"One day a letter came across my desk," O’Donohoe remembered. "It said, ‘My car can make it but I don’t think I can.’ And it was signed ‘Helen O’Donohoe.’ I said to myself, ‘That’s my mother!’ So I called her and said, ‘Why didn’t you call me instead of writing a letter?’ She said, ‘I didn’t want to bother you.’ I get thousands of these letters, but I excused her anyway."

O’Donohoe, 60, a former legislator, has been on the job for 15 years and loves it. "The system really does work," he said, adding that I wouldn’t have to wait six years to be back in the jury pool. "You can volunteer after two years," he suggested.

When I asked what I had to do to get on a case, O’Donohoe smiled and said, "Just make sure you’re not the defendant."

Copyright 2008 by Jerry Zezima

Friday, October 3, 2008

"Fast Paul and the Ping-Pong Kid"

By Jerry Zezima
The Stamford Advocate

Paul Newman had such a delightfully wry and self-deprecating sense of humor that he probably wouldn’t mind if I said I’m glad I’m not the reason he’s dead. But I came close to killing him several years ago, when the legendary actor and popcorn pooh-bah almost choked on a bowl of Zezima’s Zesty Ziti Zinger.

The first ingredient in my recipe for near-disaster was a ping-pong ball, which came into play when someone from the office of Newman’s Own, the Westport, Conn.-based food company that sells salad dressing and gives lots of lettuce to charity, called to ask if I wanted to play Fast Paul in a game of table tennis at the Rainbow Room in New York City.

I immediately accepted the challenge because the game would be played at the awards luncheon for the annual Newman’s Own and Good Housekeeping Recipe Contest and, being a serious journalist, I knew there would be free eats.

The place was filled with more than 100 people, not just contest winners from across the country but celebrities such as Regis Philbin, Kathie Lee Gifford and writer A.E. Hotchner, Newman’s Westport neighbor and his partner in the food company. And right in the middle was the ping-pong table, at one end of which stood Newman, paddle in hand. I was at the other end. A woman from Newman’s Own wore a striped shirt and carried a whistle. She was the referee.

I quickly learned one thing about Paul Newman: His propensity for cheating was, I am sorry to say, even greater than mine.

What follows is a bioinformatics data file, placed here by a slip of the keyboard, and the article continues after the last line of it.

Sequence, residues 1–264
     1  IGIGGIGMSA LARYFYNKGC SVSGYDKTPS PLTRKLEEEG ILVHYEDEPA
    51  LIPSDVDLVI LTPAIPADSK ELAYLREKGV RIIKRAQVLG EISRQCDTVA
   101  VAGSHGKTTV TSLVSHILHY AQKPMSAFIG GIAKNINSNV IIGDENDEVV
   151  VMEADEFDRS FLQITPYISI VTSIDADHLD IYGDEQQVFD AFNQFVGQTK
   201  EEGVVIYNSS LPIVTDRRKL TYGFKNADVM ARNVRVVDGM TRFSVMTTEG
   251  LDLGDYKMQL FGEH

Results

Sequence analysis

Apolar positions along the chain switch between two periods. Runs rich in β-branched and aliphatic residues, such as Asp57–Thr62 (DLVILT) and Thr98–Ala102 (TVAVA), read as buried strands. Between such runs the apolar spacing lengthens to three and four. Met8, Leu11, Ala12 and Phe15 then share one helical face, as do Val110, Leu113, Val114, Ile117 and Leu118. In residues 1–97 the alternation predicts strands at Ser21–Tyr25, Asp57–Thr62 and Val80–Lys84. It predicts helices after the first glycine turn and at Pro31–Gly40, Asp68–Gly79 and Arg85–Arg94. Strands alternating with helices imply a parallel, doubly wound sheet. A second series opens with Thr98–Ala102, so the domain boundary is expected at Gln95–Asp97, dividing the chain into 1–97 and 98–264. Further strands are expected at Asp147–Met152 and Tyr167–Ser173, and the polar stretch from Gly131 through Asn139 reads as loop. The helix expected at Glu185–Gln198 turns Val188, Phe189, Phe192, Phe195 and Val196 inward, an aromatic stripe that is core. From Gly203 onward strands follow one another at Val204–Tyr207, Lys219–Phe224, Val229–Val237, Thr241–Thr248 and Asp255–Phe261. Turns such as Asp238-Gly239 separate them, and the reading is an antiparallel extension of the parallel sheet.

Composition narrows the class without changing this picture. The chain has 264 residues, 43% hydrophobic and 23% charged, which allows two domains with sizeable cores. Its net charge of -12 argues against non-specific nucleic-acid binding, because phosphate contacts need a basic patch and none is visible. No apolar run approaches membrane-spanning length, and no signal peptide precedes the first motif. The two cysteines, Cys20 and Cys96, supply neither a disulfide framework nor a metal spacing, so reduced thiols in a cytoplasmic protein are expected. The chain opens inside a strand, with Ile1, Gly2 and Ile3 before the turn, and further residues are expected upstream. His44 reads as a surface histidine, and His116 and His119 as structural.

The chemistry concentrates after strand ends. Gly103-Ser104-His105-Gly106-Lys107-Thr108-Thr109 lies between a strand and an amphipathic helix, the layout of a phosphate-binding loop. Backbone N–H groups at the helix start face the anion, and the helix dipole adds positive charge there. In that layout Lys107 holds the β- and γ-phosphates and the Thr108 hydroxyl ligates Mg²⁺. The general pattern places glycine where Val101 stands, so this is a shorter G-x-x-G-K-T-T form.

He hit a shot into the net. The ref said, "Point, Mr. Newman."

I hit a forehand smash past the athletic star. "Point, Mr. Newman."

One of his shots was long. "Point, Mr. Newman."

It continued in this fashion until I was utterly defeated.

The crowd roared. Newman shook my hand and said, "Nice game, kid."

At least he fed me.

Being not just a glutton for punishment but a glutton, period, I went back for more the next year. But the luncheon was delayed because there was a fire in the kitchen at the Rainbow Room. By the time it was out, the entertainment portion of the program had to be shelved.

"Is it true that you used some of your hot sauce to start the fire so you could weasel out of playing me in a rematch?" I asked Newman.

He winked one impossibly blue eye and replied, "You might want to say that."

The following year, I created a dish and brought it to the luncheon for Newman to try. The ingredients were garlic, onions, chicken, hot sausage, red and green peppers, salt, black pepper, red pepper and a jar each of Newman’s Own Bombolina and Sockarooni sauces. I also poured in some red wine and vodka and served the whole thing over a bed of pasta.

I fed the concoction, which I dubbed Zezima’s Zesty Ziti Zinger, to my family. Miraculously, nobody had to be hospitalized, so I put some in my wife’s best Corningware dish and brought it to the luncheon.

For some reason or other, Newman never got a chance to try it. To make matters worse, the Corningware dish got misplaced and was never found. To this day, my wife has not forgiven me. But Waldy Malouf, executive chef of the Rainbow Room, sampled my creation and said it was delicious. "You should enter it in next year’s contest," he suggested.

So I did. I filled out the entry form with my recipe and mailed it in. A few weeks later, I got a phone call informing me that I was the runner-up in the pasta sauce division. I, a man who can barely make toast, had finished second in a field of thousands.

I made another batch and fed some to my dog, Lizzie, just to make sure it was OK. Lizzie wolfed it down and wanted more, but I put the remainder in a Tupperware container – no Corningware this time – and brought it to the awards luncheon.

Afterward, I went up to Newman with my plastic bowl of Zezima’s Zesty Ziti Zinger and asked if he wanted to try it. "Sure, kid," he said, grabbing a fork.

As he was shoveling in the first mouthful, I told him I had fed some to my dog and that if it was good enough for her, it would be good enough for him, too.

"Gack!" Newman said in mid-chew. Then his eyes bulged, his face flushed and he gasped for air.

"Oh, God!" I thought. "He’s going to choke to death on my recipe. I’ll forever be known as the man who killed Paul Newman."

Fortunately, he recovered, swallowed the mouthful and asked, "Is your dog still alive?"

"Yes," I assured him.

That was all Newman needed to hear. He scarfed down the rest of the Zinger, saying between bites, "Mmmm! This is – umph, umph, umph – delicious! You could have been a winner, kid."

Thanks to the man with a great appetite for life and a twinkle in those famous eyes, I sure felt like one.

Point, Mr. Newman.

Copyright 2008 by Jerry Zezima

Friday, September 19, 2008

"Dirty Driving"

By Jerry Zezima
The Stamford Advocate

The good news in the Zezima family is that my younger daughter, Lauren, has a new car that she has somehow managed to keep spotlessly clean since she bought it in July.